Melissa Conklin, 23, stands in the kitchen of her two-bedroom apartment at Woodmere Trace in Norfolk, Va. She earns about $30,000 a year at a nearby car dealership, and says these apartments are not only convenient, but affordable. She pays about $900 a month here, far less than other apartments in the area.
Melissa Conklin, 23, stands in the kitchen of her two-bedroom apartment at Woodmere Trace in Norfolk, Va. She earns about $30,000 a year at a nearby car dealership, and says these apartments are not only convenient, but affordable. She pays about $900 a month here, far less than other apartments in the area. Pam Fessler/NPR
One of the biggest problems facing low-income families in the U.S. today is a lack of affordable housing.
According to a recent report by the Joint Center for Housing Studies at Harvard, more than 7 million low-income households now spend more than half of their income for rent, which leaves little money for anything else. And the situation is expected to get worse.
Now, a coalition of nonprofit groups is trying to turn things around with a new, more business-like approach to buying real estate. They hope to preserve housing units that low- and moderate-income families can afford.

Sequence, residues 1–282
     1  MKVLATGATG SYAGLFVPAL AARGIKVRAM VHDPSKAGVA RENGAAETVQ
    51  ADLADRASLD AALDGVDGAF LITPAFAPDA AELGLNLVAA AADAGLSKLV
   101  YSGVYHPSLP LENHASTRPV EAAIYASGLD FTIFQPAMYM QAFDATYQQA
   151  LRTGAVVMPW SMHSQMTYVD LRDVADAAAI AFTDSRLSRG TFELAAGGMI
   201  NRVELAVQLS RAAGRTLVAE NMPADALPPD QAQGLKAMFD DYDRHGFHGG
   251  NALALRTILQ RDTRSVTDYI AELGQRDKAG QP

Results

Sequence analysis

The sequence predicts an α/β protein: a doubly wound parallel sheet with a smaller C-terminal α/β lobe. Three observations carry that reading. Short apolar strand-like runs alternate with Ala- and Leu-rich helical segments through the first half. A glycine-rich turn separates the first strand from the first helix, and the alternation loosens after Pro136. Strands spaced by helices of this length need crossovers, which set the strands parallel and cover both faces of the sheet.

Christopher LoPiano is senior vice president for real estate at Community Preservation and Development Corp., a nonprofit that develops, owns and operates affordable housing in the Washington, D.C., area and Virginia.
LoPiano says it was frustrating when his group made offers to buy eight properties in Virginia over the past few years and got the same answer every time.
" 'No, thank you.' That's what kept happening to us," he says. " 'No thank you.' "
It wasn't the price. LoPiano says his group was competitive with other buyers when it came to price.
"What we're not competitive on is closing quickly," he says, "because we're dependent upon public financing, and public financing just takes longer."
LoPiano says such real estate deals often involve government bond issues and housing tax breaks, which can take months, even a year, to be approved.
"And sellers in today's market are not willing to wait that," he says.
So LoPiano's group and a coalition of other housing nonprofits, called the Housing Partnership Network, decided it was time to get creative — to do what private investors have done for decades. They became the first nonprofits to form what's called a real estate investment trust, or REIT. It allows investors to pool their funds to buy property and collect dividends — and involves no public financing.
The nonprofit groups figured they could offer potential investors a modest return on their money — about 5 to 7 percent. It's less than what they'd get from a private-sector REIT, but the groups also appealed to investors' desire to preserve affordable housing. And they got several big ones — Prudential, Morgan Stanley, Citibank and the Ford and MacArthur foundations — to chip in an initial $100 million.
LoPiano says the nonprofits' new REIT has been a "game changer."
Late last year, the Housing Partnership Equity Trust successfully closed on a 300-unit garden apartment complex in Norfolk, Va., called Woodmere Trace. It's tucked away in a wooded area, not far from the Norfolk airport and two military bases, and is one of the more affordable places in the working-class neighborhood.